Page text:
# Kruskal-Wallis Test

The Kruskal-Wallis calculates if the Median of two or more data sets at least one data-set is significant different. The calculation calculates the test only from the checked data sets in the Kruskal-Wallis dialogue. This is the non parametric counterpart of the One way Anova test is for not normally distributed data but before using this test try to find out why the data is not normally distributed. ### Interpretation

• The smaller the p value is the more likely there is a data-set with a significant difference.
• Develve uses the commonly accepted value of p < 0.05 for significance.
• If all data-sets are normally distributed use the One way Anova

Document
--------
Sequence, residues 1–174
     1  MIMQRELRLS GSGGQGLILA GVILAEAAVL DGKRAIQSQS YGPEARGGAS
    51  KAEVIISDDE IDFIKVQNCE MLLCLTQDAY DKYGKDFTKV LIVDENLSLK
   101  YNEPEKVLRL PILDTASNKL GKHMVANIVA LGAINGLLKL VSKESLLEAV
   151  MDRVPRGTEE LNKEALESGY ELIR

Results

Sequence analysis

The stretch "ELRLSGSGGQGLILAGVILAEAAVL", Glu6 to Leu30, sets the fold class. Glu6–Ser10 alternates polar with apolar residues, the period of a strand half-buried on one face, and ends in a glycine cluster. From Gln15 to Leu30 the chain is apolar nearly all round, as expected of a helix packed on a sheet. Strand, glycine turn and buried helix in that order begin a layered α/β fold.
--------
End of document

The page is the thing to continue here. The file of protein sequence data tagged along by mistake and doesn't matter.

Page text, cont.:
• With no significant difference you can not say that the data is the same.

#### For a good result the data must

• Data is randomly and independent.
• The data is continuous.
• The shape of the distribution of all data-sets are the same.

### Colors of the cells

• Green
No significant difference
• Yellow
Significant difference

### Formula

All selected data-sets are sorted and ranked in order. The sum of the ranks of each data-set is calculated ( ) #### With tie correction

Ties are data point with the same value. With the H and the amount of df-1 value the p value can be calculated with the distribution.

### Sample size

Sample size calculation is the same as with the One way Anova but with 15% more samples.
The result is the minimum sample size for all the data sets.

#### Legend = Mean of ranks of group j = Mean of ranks all ranks of all groups = Amount of samples of group j = total Amount of samples = amount of ties of a rank = degrees of freedom (amount of groups)

## Example

From the selected data-sets there is at least one data-set that is significant different median compared to the other data sets. Data file